As a family “bonding” exercise – my brother, my sister-in-law, John and I entered the Zombie run in Calgary. We were Team Batman (thanks Rhett and Wyatt – you were great cheerleaders.) It was a 5 km run with obstacles – all the while trying to avoid zombies looking to steal your “lives”. Each participant was given a belt with 3 flags(lives) attached to it – and the goal of the race for most was to get to the finish line with at least one life left. The goal for myself was just to finish the race – which was perfect as I lost 2 lives within the first minute of the race. They corralled each pool of runners in a holding area, and when the race started – gates were opened and it was a free for all to race through a hoard of zombies. We raced uphill, had to climb over walls, under obstacles and through water and a slime-pit – all while trying to dodge zombies. The final obstacle was a couple of mud holes to wade/struggle through to get to the finish line.
Corri and I finished with no lives – so we received “I Got Infected” medals.
John and Scott both finished with one life each – so they received “Survivor” medals.
I really enjoyed the race – no too competitive – but lots of fun.
Last night was our final evening in Alberta, so we took Kaitlyn and her friend out to another of our favorite Calgary restaurants – Charcut Roast House. Some of you who watch “Top Chef Canada” may be familiar with this eatery – Connie DeSousa, the chef/owner was one of the top three finalists on Season 1.
An interesting feature of this restaurant is that the menu changes daily, but this should not be a concern as everything we have ordered has been delicious. Locally sourced ingredients add to the appeal of the menu options.
For an appetizer, our table – without question, always orders a Charcut Board – a selection of house-made sausage and cured meats. Anyone who appreciates quality cold cuts will want to order this platter. The meat varieties are served with whole grain mustard and toast rounds.
We also ALWAYS order the Duck Fat Poutine – hand cut fries are covered with cheese curds and truffle gravy. Once you eat the Duck Fat Poutine, New York Fries will seem like an abomination.
Each of us had a different entrée – and all were equally delectable.
Finally desert – Blueberry Cheesecake. This was the culmination of a terrific meal.
I am a die-hard enthusiast of science centers, and so our tourist stop today was the Telus Spark – Calgary’s Science Center. This new facility was opened in 2011 with a price tag of $160 million. Annually, more than 300,000 people visit the Telus Spark.
Unfortunately we were sadly disappointed. Cost may be the first prohibitive factor for many families wanting to visit the Science Center: $64 which covered admission for the two of us into the center, two tickets to the Dome Theatre show, and the parking fee. I can overlook cost, as long as there is value in the visit – and we just couldn’t find it at the Telus Spark.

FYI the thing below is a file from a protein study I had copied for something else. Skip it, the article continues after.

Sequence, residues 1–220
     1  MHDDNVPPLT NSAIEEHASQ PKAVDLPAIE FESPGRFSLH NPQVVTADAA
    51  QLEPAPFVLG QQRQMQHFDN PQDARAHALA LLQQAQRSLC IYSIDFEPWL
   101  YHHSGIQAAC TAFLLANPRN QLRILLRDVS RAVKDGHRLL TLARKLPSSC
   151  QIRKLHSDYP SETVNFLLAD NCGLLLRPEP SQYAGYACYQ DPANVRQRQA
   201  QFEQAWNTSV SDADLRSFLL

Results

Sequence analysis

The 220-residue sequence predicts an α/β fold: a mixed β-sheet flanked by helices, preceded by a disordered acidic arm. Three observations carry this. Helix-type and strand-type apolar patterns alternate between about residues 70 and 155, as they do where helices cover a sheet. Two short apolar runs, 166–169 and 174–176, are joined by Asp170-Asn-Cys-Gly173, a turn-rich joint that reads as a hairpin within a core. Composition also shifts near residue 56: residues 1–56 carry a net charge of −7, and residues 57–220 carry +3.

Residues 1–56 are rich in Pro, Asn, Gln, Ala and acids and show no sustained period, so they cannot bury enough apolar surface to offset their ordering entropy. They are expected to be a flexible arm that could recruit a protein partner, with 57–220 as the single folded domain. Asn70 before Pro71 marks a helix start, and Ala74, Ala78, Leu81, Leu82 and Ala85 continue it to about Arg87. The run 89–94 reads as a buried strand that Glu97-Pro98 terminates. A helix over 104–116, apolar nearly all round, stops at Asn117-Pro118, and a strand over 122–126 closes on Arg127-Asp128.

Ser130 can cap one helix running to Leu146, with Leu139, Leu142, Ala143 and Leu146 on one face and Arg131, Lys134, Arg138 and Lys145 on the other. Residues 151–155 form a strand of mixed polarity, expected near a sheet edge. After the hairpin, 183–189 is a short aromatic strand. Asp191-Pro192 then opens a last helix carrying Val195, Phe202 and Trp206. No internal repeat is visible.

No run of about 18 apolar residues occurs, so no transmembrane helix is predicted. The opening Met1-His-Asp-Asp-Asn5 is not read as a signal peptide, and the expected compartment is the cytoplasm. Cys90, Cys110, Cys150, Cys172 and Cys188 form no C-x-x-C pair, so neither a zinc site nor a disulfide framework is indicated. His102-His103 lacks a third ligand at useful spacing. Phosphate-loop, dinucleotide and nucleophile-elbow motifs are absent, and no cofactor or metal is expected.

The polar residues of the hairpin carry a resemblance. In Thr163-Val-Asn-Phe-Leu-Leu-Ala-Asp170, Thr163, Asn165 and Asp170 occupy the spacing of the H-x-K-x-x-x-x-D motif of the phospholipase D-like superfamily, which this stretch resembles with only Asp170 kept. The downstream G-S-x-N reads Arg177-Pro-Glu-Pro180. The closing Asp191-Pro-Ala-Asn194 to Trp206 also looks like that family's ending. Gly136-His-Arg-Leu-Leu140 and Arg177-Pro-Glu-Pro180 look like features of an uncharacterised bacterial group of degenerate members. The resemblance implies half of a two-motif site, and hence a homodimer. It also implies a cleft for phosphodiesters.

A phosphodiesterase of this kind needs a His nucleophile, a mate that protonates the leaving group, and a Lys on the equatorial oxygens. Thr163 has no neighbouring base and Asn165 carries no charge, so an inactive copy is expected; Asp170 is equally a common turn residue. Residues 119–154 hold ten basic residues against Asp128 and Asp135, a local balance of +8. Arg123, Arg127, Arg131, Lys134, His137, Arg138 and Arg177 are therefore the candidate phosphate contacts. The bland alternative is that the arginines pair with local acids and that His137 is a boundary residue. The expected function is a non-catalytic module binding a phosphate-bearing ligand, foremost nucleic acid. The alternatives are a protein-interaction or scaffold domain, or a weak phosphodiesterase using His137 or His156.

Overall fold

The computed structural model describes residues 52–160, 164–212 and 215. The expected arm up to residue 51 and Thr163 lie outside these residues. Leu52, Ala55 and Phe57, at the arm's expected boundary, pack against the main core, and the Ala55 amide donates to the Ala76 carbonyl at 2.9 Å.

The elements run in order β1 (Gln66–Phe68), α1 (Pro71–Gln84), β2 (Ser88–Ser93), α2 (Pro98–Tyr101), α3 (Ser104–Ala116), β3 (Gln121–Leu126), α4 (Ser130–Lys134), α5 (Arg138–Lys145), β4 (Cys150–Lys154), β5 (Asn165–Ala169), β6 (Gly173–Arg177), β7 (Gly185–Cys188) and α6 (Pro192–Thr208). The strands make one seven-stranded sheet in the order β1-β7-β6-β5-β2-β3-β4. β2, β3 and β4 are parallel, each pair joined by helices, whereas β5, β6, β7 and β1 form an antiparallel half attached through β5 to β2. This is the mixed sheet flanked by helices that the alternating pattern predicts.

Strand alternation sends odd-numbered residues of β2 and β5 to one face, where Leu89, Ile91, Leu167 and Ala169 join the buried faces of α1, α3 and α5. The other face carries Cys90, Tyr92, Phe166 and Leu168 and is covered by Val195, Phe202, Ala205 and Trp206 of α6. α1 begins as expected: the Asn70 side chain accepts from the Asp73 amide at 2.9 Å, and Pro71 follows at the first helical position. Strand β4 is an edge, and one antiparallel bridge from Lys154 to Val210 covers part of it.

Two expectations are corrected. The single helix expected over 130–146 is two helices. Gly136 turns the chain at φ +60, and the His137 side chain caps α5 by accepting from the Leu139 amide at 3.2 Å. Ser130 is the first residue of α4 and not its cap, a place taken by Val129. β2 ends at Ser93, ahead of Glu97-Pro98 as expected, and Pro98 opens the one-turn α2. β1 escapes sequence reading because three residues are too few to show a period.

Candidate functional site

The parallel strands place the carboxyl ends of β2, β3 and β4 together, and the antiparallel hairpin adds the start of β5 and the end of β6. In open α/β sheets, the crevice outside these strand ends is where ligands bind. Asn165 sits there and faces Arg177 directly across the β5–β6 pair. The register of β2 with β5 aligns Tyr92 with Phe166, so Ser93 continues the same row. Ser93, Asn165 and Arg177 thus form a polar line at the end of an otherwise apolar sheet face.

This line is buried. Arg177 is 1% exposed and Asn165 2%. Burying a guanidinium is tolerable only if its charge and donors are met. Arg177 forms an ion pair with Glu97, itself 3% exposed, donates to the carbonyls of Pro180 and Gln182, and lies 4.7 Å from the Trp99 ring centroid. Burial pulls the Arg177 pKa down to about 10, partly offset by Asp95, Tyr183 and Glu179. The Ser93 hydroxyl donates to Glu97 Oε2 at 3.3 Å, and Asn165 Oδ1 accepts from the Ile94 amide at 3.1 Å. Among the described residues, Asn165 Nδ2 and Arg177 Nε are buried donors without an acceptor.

For the size of the facility – 153,000 square feet, there weren’t as many displays as I expected, and what was there was pretty basic. Plenty of hands on educational experiments to engage participants but they aren’t interesting enough to hold attention for long.
I don’t want to be too negative – there were some intriguing displays. “How to Make a Monster – the art and technology of animatronics” had interesting exhibits. Not suitable for younger children – lots of scary creatures that will peak the curiosity of pre-teens to adults.
We went to see Tornado Alley at the Dome Theatre, which is state of the art. 245 seats allow viewers to recline and watch the film projected on the 360 degree dome above them in a resolution of 17.7 million pixels. Both John and I had seen the film before, but not in this format.
The movie follows storm chasers as they try to research and film a tornado from its inception. The prologue to the movie was presented by Tim Samaras – one of the three tornado researchers killed this May during the Oklahoma F-5 storm.
If you are travelling to Calgary and looking for someplace interesting to visit, I would give the Telus Spark a pass. Your family will get much more entertainment value by going next door to the Calgary Zoo.
On our trip to Calgary this time, John and I decided to stop in at some of the tourist spots we have not visited before. We have cruised past Canada Olympic Park numerous times on Highway 1 – but today we drove in.
During the 1988 Winter Olympics, Canada Olympic Park was the venue for luge, bobsleigh and ski jumping. The park is now used for athletic training and by the public for recreation. In the winter, there is downhill skiing, snowboarding and cross-country skiing. There are 6 lifts for those who don’t want to make a trip out to the mountains. Canada Olympic Park has 25 kms of trails for mountain biking in the summer, as well as challenge courses and a zip line.
The Athletic Ice Complex is also on site – and includes 4 ice rinks, fitness center, public sport development center, and a high intensity training center for athletes.
Canada’s Sports Hall of Fame opened to the public on July 1, 2011 on the Canada Olympic Park site. Calgary had been chosen out of nine bidding Canadian cities to permanently host the nation’s main sports hall of fame.
It is 44,000 square feet dedicated to Canada’s sports history, with over 500 athletes inducted. The facility features 11 exhibit galleries representing 58 sports, with more than 50 interactive experiences. Admission was $12 per person, and was well worth it.
Sports fans could spend hours here.